Monday, September 29, 2014

Throw Away the Ledger

“It takes many good deeds to build a good reputation, and only one bad one to lose it.” 
― Benjamin Franklin

Perhaps in a move that makes little sense, I'm going to open with a counter-point to the point I actually want to make. I'm running a profitable business, and one day Penfold from accounts rushes up to me with a ledger and says 'sir! I've discovered that a fault in sector 7G is costing us $5 a day.' being a manly man of decisive action I say 'what will it cost to fix it Penfold?' because I solve problems it's what I do, and Penfold says 'We can fix it for $10 a day.' and I say - 'don't fix it.'

Terrorism too, in terms of money certainly, and as the record is showing, human lives - is a more costly problem to solve than to by and large ignore. Terrorism over the long term, is less clear cut.

But in the above examples, the obvious real lesson is that you don't fix a problem with a larger problem. You need a 50c solution to a $5 problem, not a $10 one. Terrorism needs a response that doesn't result in escalating conflict.

But what Benji Frankleberry is saying is that there are situations where one incident negates all previous knowledge.

A conviction of a sexual offence against a child, tends to completely undo all one's other accomplishments in life. Similarly one positive drug test can strip you of a whole bunch of Tour De France titles. One bad day on the markets can undo 60 years of wealth accumulation.

So there's nothing new there, except that these kind of things keep happening to people, people keep perpetrating them and people keep falling victim to them.

So in some ways when I say 'throw away the ledger' it's a misnomer. The issue is in the weighting, which proper ledgers actually do. You can have a thousand items valued at 1c in the Assets column and one item worth $10,000 in the liability column and the ledger will make it clear that you are in trouble.

The ledgers people keep in their head though, go like dessert was delicious, main was delicious, soup was delicious, entre made me violently ill. That's 3 courses to 1 which means on balance the meal was delicious and I'll go back to the restaurant. Okay so we don't do that. We know that the presence of salmonella in just one dish ruins a whole dining experience.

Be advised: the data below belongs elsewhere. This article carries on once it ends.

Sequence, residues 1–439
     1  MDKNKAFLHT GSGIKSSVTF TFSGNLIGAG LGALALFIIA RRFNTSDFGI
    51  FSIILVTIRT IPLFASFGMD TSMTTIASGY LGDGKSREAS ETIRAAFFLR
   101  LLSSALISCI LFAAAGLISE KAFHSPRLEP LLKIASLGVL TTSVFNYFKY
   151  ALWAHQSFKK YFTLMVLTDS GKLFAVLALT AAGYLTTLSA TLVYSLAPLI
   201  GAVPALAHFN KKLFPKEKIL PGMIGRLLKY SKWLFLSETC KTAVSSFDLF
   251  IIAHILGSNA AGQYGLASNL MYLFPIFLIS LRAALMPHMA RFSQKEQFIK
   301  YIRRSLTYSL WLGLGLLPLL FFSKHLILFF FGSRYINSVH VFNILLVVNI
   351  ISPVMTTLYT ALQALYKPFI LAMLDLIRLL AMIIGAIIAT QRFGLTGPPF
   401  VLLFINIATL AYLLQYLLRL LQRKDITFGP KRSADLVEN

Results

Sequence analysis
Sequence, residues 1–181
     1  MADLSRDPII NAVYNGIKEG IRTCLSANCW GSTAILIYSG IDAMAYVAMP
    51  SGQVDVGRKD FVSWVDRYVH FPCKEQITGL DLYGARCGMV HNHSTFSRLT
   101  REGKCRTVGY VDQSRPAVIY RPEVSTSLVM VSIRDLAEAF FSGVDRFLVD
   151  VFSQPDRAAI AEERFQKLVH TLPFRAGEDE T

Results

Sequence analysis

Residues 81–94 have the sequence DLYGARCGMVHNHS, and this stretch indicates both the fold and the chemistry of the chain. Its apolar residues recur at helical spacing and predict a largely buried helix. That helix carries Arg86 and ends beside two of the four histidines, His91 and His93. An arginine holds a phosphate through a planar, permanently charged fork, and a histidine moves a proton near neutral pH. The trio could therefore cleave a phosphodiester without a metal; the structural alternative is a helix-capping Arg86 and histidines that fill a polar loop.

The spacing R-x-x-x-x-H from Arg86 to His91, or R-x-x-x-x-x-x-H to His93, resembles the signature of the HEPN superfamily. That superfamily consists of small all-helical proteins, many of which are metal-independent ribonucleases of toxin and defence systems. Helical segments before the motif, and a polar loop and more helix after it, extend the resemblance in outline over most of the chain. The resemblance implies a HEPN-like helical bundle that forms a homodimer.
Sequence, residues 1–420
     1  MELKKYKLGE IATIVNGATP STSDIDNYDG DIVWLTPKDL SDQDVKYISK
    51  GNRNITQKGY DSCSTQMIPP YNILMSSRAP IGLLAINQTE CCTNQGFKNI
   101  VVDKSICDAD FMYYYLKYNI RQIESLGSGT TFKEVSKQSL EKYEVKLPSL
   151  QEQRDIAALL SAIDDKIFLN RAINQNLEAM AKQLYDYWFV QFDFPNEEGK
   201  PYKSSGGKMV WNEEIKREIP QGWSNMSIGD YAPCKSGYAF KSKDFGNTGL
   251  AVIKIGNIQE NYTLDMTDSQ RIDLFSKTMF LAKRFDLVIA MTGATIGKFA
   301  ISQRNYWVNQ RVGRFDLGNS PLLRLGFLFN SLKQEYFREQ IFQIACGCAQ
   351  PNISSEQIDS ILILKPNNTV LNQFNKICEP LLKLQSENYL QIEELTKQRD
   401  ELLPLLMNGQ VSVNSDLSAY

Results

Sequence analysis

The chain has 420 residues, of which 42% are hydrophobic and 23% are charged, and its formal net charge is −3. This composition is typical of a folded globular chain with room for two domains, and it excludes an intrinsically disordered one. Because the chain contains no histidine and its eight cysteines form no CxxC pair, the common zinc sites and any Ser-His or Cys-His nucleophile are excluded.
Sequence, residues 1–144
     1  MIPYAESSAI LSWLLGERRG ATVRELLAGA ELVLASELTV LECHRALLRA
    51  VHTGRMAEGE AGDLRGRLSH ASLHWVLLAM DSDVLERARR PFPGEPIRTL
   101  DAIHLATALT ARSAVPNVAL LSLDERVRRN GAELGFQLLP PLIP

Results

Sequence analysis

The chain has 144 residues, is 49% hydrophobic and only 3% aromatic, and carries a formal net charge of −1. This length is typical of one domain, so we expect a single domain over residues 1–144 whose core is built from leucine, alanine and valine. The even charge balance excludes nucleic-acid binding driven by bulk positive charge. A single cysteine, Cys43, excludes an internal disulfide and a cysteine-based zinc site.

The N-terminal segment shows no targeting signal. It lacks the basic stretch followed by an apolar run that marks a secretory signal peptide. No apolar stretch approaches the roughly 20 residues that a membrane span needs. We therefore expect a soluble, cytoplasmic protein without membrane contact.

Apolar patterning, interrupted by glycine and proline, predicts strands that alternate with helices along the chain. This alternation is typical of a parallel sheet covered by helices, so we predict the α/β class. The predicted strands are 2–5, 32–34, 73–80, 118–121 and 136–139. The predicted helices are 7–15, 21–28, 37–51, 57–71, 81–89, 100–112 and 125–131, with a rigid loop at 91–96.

We restrict this kind of clear thinking, and accountability though when it comes to evaluating people. Well some people do. There are terms like 'deal breaker' that are employed. But a lot of people don't really take Benjamin's falsifiable approach to a person's reputation.

It will take the rest of your life to prove, definitively that you are reliable. The instant you flake out though, you are unreliable. You cannot be relied on. This is the crucial distinction between '99% certain' and 'certainty' - the use of 'certain' in the former is a misnomer. 99% certain is uncertain. Thus the other 1% possibility needs to be provided for, or it needs to be acknowledged that you are indeed actually risking something.

Furthermore, in practice 99% certain looks a whole lot like 20% certain, and even 1% certain. Certainty has a particular property, that means one exception negates it's whole value.

I have brought issues I have to people, and often they have retorted that I wasn't being fair, and then tried to rebalance the ledgers with all the counter examples of behavior I don't have an issue with.

The argument is moot. If arguing with me, you are in practice defeating yourself. Because it's the act I take issue with that ruins all their counter points for them. It actually stresses Franklin's point above and further obliges them to address the issue.

'He physically assaulted me, but he threw a great surprise party just the month before, that takes more effort and thought than beating up somebody as weak as me!' No, doesn't work like that.

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